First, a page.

September 9, 2016

Grandparent Envy is a Weird Thing

Grandparent envy is a weird thing. And, as this year’s Grandparents Day approaches, I find myself at my father’s house. First, to answer your questions, yes, there is a Grandparents Day, and this year it falls on September 11th. Some may say, “too soon”—though not necessarily about that inauspicious date, but rather about having a Grandparents Day at all. It was signed into being in 1978 by President Carter, who was surely kowtowing to “Big Hallmark.” The Precious Moments lobby is fierce.

Back to my father. He is “Pooh” to my 2 year-old daughter and 4 year-old son. (The “Pooh” thing—you must be wondering—involves his playing Winnie the Pooh in a community theatre production when his first grandchild was born.) But, he’s not nearly as affable (or fond of honey) as Milne’s bear. My dad will turn 73 on Grandparent’s Day Eve, and he is much older at 73 than I plan to be. He’s in pain, and he begins giving himself daily injections this week to fight his Type 2 diabetes. He can be cranky and impatient, and I’m certain he’s voting for Trump. I love my father dearly, but he is a grandpa who constantly thinks my exuberant son talks too loudly. Which the kid absolutely does, but c’mon, Pooh.

The ideal grandparent for my kids would be my mother, who died 19 years ago. I’ve spent much of the last two decades of my life coming to terms with not having a mother. As my 20s and 30s passed, I did not move gracefully through the five stages of grief. I rolled around for a long time in the troughs of Anger and Depression. Those feelings (d)evolved into resentment toward anyone who had a mother during those years—especially when it came time for things like wedding dress shopping…and then divorcing. And then wedding dress shopping again.

I’m gratified to have exorcised much of my most primal grief and all that resentment and to have turned it into gratitude that I was blessed ever to have the amazing mother I did have. But in the past few years, I’ve felt the hot return of envy, not for a mother for myself, but for a grandmother for my babies. When I see the Nanas and Poppys at my kids’ schoolmates’ birthday parties; when I see a tiny suitcase in a store that says, “Goin’ to Grandma’s!”; when my husband John and I re-realize for the 100th time that we will never, ever get even a night to ourselves knowing that the kids are away with a grandparent, being spoiled—I am constantly hit with reminders of not only my loss of my mother, but my children’s loss of her…and my mother’s loss of them.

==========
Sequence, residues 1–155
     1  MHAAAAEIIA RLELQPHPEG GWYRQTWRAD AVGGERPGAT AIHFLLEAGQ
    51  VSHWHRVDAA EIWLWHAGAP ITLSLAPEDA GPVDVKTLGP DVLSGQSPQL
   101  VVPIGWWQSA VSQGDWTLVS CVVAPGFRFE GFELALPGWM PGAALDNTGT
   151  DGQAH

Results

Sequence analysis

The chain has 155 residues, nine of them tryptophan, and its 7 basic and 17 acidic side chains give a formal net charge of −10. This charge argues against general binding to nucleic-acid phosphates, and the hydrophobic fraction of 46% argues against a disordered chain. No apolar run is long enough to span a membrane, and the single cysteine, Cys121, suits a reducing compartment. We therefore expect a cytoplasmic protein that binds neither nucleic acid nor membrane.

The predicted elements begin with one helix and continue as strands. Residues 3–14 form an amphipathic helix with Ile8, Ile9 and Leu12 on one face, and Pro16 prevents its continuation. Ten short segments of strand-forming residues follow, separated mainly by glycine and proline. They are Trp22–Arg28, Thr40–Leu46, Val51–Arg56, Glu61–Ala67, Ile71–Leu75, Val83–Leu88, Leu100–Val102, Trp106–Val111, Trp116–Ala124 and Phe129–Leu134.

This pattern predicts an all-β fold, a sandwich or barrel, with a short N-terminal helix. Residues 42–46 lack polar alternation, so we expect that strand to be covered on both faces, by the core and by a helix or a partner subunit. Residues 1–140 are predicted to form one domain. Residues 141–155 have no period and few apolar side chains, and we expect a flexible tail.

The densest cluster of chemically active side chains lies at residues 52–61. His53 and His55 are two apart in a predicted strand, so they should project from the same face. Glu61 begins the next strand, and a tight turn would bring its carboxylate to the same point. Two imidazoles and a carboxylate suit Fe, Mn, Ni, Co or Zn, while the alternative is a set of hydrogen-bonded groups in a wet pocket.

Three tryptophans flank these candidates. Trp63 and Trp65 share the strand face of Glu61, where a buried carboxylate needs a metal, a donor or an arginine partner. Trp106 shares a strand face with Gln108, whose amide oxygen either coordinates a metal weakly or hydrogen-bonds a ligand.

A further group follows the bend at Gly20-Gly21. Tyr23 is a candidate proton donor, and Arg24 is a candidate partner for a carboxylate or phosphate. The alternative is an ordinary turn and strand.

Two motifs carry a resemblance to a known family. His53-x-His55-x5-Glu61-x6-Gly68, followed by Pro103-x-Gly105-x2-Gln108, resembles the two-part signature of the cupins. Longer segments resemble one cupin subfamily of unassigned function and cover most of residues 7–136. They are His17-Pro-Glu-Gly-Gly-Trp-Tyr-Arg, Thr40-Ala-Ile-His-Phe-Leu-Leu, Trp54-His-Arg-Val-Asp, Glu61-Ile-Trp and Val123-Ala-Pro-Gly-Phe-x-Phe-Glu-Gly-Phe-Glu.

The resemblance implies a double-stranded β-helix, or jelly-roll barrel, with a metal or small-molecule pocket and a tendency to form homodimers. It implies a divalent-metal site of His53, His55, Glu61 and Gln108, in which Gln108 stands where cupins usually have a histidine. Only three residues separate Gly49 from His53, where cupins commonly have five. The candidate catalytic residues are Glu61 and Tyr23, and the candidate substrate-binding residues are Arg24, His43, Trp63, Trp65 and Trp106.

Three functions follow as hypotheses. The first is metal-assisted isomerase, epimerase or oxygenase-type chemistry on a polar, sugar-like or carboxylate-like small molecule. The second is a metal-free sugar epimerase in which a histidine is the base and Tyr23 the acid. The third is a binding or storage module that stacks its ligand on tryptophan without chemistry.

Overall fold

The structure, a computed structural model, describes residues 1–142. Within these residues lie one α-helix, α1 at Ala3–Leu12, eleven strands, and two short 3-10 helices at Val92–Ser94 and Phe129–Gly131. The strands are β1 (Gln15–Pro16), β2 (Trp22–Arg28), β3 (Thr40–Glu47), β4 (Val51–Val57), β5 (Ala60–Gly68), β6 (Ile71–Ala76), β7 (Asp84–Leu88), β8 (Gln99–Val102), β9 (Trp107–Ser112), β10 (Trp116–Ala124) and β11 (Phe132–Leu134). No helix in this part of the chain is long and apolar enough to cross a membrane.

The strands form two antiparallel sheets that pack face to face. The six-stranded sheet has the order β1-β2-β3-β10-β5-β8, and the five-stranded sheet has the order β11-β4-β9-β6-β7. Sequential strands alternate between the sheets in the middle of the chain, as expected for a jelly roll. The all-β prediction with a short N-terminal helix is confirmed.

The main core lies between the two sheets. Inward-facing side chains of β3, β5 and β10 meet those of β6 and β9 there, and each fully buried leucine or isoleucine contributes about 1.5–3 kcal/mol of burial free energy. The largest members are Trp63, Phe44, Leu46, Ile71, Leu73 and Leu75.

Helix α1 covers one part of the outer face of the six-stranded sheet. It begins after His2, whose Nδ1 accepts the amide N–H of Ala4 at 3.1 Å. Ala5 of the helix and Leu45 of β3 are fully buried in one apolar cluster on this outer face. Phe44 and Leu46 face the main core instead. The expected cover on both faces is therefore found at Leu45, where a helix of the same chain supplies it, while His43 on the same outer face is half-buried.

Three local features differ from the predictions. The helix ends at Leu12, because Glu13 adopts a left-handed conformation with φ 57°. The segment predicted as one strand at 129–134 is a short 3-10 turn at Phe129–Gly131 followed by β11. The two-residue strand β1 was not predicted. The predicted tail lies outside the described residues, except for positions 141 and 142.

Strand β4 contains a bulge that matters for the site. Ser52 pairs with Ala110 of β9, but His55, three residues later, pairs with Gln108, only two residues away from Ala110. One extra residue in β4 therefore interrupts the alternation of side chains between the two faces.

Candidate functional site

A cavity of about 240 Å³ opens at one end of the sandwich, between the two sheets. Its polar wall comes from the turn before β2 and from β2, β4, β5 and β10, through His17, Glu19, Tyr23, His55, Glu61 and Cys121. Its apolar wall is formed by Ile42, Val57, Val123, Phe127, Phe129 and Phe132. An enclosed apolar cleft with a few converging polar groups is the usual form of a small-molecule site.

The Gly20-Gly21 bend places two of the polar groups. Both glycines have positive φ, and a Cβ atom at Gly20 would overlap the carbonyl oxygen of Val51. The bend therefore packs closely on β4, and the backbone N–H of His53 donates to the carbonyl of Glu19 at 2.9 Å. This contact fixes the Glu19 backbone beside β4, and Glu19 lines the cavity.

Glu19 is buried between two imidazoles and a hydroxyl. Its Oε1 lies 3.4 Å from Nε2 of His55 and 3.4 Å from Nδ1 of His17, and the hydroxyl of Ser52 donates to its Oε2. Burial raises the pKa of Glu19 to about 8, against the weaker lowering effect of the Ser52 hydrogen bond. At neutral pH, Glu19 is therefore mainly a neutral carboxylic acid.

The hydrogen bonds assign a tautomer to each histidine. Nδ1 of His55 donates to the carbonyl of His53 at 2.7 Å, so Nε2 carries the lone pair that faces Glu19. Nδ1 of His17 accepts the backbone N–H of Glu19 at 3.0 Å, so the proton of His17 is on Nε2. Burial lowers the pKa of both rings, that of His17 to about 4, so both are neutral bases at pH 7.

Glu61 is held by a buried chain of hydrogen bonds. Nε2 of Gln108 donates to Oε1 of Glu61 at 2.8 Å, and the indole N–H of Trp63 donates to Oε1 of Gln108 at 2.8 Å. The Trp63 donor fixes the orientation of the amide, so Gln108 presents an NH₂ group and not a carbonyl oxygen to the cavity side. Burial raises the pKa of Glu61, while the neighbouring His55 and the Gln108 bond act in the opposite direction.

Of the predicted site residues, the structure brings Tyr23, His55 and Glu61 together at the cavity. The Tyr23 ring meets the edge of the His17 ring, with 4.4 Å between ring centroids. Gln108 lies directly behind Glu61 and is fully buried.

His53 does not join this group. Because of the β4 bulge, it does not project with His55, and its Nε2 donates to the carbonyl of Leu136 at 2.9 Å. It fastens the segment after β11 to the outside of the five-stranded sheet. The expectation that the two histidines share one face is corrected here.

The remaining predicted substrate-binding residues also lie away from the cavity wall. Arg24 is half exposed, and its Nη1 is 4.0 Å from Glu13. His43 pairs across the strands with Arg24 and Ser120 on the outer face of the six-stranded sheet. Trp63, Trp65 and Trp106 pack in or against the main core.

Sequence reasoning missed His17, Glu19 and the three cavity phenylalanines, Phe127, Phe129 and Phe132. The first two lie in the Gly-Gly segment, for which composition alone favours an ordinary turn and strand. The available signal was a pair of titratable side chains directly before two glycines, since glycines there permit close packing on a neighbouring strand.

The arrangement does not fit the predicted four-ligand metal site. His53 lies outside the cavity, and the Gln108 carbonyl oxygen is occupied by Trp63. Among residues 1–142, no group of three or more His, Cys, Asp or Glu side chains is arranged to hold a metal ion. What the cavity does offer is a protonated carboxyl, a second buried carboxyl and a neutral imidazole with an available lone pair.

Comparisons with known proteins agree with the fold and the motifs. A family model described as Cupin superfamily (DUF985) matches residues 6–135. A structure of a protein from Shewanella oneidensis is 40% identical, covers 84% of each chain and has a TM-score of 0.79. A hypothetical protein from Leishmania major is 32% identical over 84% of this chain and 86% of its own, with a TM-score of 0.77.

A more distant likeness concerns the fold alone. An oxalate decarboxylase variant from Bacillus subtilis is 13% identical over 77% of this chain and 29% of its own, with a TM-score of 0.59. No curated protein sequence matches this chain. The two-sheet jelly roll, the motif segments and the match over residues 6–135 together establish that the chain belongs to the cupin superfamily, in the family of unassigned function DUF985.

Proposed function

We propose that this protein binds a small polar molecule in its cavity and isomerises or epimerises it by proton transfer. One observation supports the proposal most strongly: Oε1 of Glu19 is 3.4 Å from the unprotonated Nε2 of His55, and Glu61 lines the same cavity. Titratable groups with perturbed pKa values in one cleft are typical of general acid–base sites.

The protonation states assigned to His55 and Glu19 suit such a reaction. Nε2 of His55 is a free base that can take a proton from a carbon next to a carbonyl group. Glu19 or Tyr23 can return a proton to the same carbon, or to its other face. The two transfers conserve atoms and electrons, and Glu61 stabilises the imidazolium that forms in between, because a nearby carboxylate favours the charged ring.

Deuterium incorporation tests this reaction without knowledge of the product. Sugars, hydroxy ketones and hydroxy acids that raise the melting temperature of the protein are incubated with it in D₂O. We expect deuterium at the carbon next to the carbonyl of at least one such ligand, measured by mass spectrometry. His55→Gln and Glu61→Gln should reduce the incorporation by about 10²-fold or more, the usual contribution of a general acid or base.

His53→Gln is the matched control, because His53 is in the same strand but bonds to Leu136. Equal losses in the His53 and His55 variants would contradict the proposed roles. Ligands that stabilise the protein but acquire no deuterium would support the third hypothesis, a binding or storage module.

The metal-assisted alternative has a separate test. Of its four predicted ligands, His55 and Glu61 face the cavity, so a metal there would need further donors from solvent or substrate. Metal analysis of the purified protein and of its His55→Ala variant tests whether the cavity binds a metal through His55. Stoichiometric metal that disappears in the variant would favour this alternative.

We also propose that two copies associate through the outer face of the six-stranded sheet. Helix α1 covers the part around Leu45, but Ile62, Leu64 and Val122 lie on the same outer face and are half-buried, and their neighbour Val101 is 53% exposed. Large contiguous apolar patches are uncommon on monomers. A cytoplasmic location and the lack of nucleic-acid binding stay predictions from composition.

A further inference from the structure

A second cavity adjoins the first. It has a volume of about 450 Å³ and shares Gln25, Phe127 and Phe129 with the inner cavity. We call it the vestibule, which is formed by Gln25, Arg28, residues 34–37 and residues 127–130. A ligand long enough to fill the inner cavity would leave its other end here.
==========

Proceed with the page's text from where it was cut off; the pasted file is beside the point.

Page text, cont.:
My kids have one living grandmother in my husband’s mother and one grandfather in their Pooh. Those two seniors are not the grandparents of storybooks. They mean well, John and I constantly remind each other, like a mantra; my father is extremely monetarily generous, and my mother-in-law tries to show up, when it’s convenient. Maybe you get this, in your own way: maybe your parents sucked as parents and are alive and well enough to suck it as grandparents. Maybe they’re divorced and turn every family gathering into a Tennessee Williams one-act. Maybe your in-laws live too far away to play a meaningful role in your kids’ lives, or maybe your mom lives close by and chooses not to.

But my mom. My mother would have been there in every way. She would have sewed Halloween costumes and begged my husband and me to go to Rome for ten days so she could take care of the kids. She would have been at my baby shower and been there at their births. She would have sung with them and chased them and been capable not only of putting them to bed but also making homemade pull-taffy with them in the kitchen. But my kids don’t know what they’re missing, which is kind of good, I guess, and also very, very heartbreaking. John has sworn for years that he’s seen an aura in our children’s room that cannot be anything but my mother. He never met her, but he’s sure this is her light—it can’t be anything else, he says. She’s watching them. I don’t know about that, even if my name is Faith, but God, I love him for it.

The solution, as ever (and perhaps a bit annoyingly) has to be gratitude. Though I miss my mother and what she could have been for my children, they only know and love their Pooh and their Grandma. I must have appreciation for whatever time the kids get with these grandparents, thanks to our schlepping and our stalking the kids in dramatically un-child-proofed surroundings, and how those relationships help them become the adults they will grow into. Recognition of how heroic my husband is in planning the effortful trips from Manhattan to the island south of Sarasota where my dad lives—the car seats, the airport taxis, the flights, the rental cars, the rental cribs, the pull-ups! Gratefulness that we were able to become parents at all, in our 40s, to two healthy children.

Grandparents Day is one of those days to remember that we usually take for granted the very best things we have—extra laps for our kids to climb on, indulgences ritually ladled on their little heads. Free babysitting. If you’re lucky enough to have parents above you and kids below you at the same time, take a moment this to thank God or good genes or resveratrol or whatever you believe in. Even if one of your kids’ grandparents wants to make America great again.